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Work Smarter, Not Harder

Rezina Sultana

Imtiaz Rasul, a computer operator for 15 years, who sometimes works 15 hours at a stretch, has a chronic backache. Minhazul Anwar, with a similar background, has blurred vision, severe backache and acute mental stress. Thirty-two-year-old Arefin Ibrahim, working as a graphic artist, has developed pink patches in his eyes due to overexposure to a computer screen and Suchana Gupta has mild arthritis in the arm-joints and also what is called Carpal Tunnel Syndrome (CTS) that affects the three fingers handling the mouse. These are only a few disorders that have become the costs of making a living in a technologically upgraded working world that never sleeps. As somebody remarked, it's always daylight somewhere.

Karoshi-Japanese for death by overwork - is a new word making frequent appearances in applications for compensation in cases of cardio-vascular disease due to excessive work and occupational stress. Most Karoshi victims are said to have worked 3000 hours a year on their jobs, which is roughly twice the figures for France, Germany and Sweden. The observations Keto makes about Japanese society are relevant to all those consumed by their work: Japan is a massive producer without time to enjoy its products, and "wealth without pleasure" is, in his eyes, one of the basic flaws of the Japanese society.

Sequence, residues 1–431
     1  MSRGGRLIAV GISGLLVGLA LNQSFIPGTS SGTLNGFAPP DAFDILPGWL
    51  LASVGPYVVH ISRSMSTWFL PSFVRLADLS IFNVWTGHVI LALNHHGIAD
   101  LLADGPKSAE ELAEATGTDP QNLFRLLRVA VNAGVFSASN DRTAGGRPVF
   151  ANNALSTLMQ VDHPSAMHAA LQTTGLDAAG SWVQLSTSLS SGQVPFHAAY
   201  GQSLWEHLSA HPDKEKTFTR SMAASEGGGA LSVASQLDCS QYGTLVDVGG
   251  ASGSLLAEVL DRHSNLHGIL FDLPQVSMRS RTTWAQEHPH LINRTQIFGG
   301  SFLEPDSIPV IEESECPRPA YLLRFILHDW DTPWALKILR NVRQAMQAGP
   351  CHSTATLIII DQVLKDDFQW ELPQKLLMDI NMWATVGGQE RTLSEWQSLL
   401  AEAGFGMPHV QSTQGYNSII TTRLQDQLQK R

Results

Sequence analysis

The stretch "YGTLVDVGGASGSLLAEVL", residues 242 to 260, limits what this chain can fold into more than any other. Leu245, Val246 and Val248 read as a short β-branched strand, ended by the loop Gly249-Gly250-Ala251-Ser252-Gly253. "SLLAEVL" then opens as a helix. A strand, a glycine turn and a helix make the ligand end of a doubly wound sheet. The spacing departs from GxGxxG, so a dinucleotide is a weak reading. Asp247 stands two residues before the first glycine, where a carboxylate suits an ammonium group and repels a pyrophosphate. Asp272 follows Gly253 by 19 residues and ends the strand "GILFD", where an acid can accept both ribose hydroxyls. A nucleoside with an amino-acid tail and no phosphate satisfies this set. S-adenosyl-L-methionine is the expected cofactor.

By far, workers in South Korea put in the longest work hours in the world. The average South Korean works 2,390 hours each year, according to the OECD. This is over 400 hours longer than the next longest-working country and 34 per cent more hours than the average in the USA. A typical workweek in South Korea is 44-hours or longer. Most people start their day at 8 am and end at around 7pm or later, often having dinner before returning to work. Until legislation in 2004 that virtually abolished the six-day workweek in large corporations known as 'jaebol', South Korea was the only country in the OECD that worked Saturdays.

Work hours in Japan are decreasing, but many Japanese still work long hours. Recently, Japan's Ministry of Health, Labour and Welfare (MHLW) has issued a draft report recommending major changes to regulations that govern working hours. The centerpiece of the proposal is an exemption from overtime pay for white-collar workers. South Korea and Japan are the only countries where death work or 'karoshi' is a recognised phenomenon.